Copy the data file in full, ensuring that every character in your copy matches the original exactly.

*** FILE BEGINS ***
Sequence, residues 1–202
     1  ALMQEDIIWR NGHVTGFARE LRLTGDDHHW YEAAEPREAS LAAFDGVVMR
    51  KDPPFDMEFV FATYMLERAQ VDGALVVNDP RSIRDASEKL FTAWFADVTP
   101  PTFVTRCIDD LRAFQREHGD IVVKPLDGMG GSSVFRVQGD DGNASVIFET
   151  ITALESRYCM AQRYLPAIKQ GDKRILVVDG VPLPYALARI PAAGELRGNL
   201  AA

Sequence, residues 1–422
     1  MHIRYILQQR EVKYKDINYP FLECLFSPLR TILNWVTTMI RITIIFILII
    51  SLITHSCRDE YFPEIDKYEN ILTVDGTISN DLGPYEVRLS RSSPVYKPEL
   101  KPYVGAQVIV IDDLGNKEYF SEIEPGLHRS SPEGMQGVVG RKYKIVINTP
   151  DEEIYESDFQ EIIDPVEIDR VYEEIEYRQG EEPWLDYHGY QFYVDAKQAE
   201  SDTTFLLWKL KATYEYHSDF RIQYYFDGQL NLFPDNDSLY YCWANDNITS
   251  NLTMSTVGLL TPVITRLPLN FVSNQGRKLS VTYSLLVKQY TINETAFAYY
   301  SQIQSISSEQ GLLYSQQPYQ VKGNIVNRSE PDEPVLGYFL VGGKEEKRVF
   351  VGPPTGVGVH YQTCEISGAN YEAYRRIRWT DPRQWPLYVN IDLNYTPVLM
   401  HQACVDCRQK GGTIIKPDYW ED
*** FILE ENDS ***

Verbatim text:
Sequence, residues 1–202
     1  ALMQEDIIWR NGHVTGFARE LRLTGDDHHW YEAAEPREAS LAAFDGVVMR
    51  KDPPFDMEFV FATYMLERAQ VDGALVVNDP RSIRDASEKL FTAWFADVTP
   101  PTFVTRCIDD LRAFQREHGD IVVKPLDGMG GSSVFRVQGD DGNASVIFET
   151  ITALESRYCM AQRYLPAIKQ GDKRILVVDG VPLPYALARI PAAGELRGNL
   201  AA

Sequence, residues 1–422
     1  MHIRYILQQR EVKYKDINYP FLECLFSPLR TILNWVTTMI RITIIFILII
    51  SLITHSCRDE YFPEIDKYEN ILTVDGTISN DLGPYEVRLS RSSPVYKPEL
   101  KPYVGAQVIV IDDLGNKEYF SEIEPGLHRS SPEGMQGVVG RKYKIVINTP
   151  DEEIYESDFQ EIIDPVEIDR VYEEIEYRQG EEPWLDYHGY QFYVDAKQAE
   201  SDTTFLLWKL KATYEYHSDF RIQYYFDGQL NLFPDNDSLY YCWANDNITS
   251  NLTMSTVGLL TPVITRLPLN FVSNQGRKLS VTYSLLVKQY TINETAFAYY
   301  SQIQSISSEQ GLLYSQQPYQ VKGNIVNRSE PDEPVLGYFL VGGKEEKRVF
   351  VGPPTGVGVH YQTCEISGAN YEAYRRIRWT DPRQWPLYVN IDLNYTPVLM
   401  HQACVDCRQK GGTIIKPDYW ED